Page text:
The local fraternities and sororities hold occasional dinners/ discussions with faculty, to demonstrate that they’re engaged with the intellectual life of the college. One of my students invited me to dinner at the Change in Kinetic Energy fraternity tomorrow night, and I agreed to do a discussion of physics and politics.
That’s a vague topic, because I didn’t have anything really definite in mind for it, other than that it seems better suited to a dinner and discussion than any of my regular presentations, which tend to be PowerPoint lectures. That doesn’t really seem appropriate, so I figured I’d go with a topic that might involve a little more back and forth.
Of course, I’m not willing to make the whole thing up on the fly, so I need to give it a little thought. And I’ve got this blog, and all these smart readers who can make useful suggestions about things I ought to mention…. So, below the fold are some scattered thoughts about what I might say to spark some discussion.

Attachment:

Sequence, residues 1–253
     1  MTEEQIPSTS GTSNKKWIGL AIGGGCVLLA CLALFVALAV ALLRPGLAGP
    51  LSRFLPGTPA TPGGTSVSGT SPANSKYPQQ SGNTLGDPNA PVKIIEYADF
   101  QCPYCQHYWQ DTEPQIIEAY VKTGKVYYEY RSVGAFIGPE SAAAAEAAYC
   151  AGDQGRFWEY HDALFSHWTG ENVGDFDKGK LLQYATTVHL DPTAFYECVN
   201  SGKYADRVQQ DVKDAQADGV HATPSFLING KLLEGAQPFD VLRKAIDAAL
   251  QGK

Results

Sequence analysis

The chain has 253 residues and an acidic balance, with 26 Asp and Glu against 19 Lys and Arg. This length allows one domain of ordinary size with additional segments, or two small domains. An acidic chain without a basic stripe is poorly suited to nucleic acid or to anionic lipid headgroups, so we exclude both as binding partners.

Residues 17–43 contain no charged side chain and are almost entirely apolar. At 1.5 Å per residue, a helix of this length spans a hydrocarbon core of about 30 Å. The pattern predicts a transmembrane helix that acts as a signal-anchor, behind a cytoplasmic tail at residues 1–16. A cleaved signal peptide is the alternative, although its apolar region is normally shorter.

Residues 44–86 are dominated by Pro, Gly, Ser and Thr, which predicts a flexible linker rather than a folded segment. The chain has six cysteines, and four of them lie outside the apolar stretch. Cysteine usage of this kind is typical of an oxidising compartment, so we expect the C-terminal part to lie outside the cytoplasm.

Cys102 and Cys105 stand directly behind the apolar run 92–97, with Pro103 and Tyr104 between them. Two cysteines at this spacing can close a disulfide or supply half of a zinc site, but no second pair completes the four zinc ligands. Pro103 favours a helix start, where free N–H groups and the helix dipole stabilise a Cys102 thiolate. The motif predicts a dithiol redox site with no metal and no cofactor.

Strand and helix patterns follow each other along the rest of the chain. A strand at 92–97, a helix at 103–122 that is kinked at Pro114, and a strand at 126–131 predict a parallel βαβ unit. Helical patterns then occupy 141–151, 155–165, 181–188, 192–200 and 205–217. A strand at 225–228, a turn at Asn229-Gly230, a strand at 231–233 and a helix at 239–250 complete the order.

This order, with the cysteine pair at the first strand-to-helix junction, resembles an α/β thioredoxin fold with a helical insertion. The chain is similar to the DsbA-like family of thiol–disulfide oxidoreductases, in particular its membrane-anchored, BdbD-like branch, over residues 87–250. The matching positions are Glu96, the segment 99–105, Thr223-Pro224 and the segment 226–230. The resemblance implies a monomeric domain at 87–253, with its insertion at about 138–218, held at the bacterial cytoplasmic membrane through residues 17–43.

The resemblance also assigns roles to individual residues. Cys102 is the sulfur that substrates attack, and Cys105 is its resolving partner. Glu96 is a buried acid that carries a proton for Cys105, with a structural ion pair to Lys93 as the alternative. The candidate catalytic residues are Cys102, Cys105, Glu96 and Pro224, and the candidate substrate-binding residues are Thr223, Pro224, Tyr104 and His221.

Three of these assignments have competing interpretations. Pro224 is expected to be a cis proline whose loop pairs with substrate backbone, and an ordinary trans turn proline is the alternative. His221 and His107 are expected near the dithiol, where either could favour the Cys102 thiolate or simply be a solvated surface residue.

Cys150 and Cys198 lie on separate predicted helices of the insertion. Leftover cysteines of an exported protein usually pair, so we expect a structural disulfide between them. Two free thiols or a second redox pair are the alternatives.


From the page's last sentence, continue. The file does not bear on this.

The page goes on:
— The obvious starting point (and what I had in mind when I suggested the topic) is the recent science funding debacle, with significant cuts in major programs. I can go through the basics of what was cut, and how the cuts happened, and some of the partisan bickering at the heart of the issue.
— A larger question is what level of funding is really appropriate for science, and why are we spending the money. Are we willing to commit to funding massively expensive projects like the LHC just out of curiosity, or should we be demanding more in terms of applications?
— Then there’s the question of what scientists ought to do about all this. Should the APS be devoting more resources to lobbying, to become a more coherent political force? Should physicists devote more effort to public outreach, to build a grass-roots constituency for major projects? Should we be looking for some new source of funding, other than tax dollars?
That’s probably enough to start with, but it’d be nice to have some really good, provocative things to say to get people talking. I’m not sure I really have any of those at the moment, but I’m open to suggestions. What would be a good shocking statement about physics and politics that would spark discussion with frat boys?
Diversity politics are always a provocative topic, but it’s really not my thing. I just don’t see myself leading a rousing discussion of race and gender biases in science at dinner with a fraternity.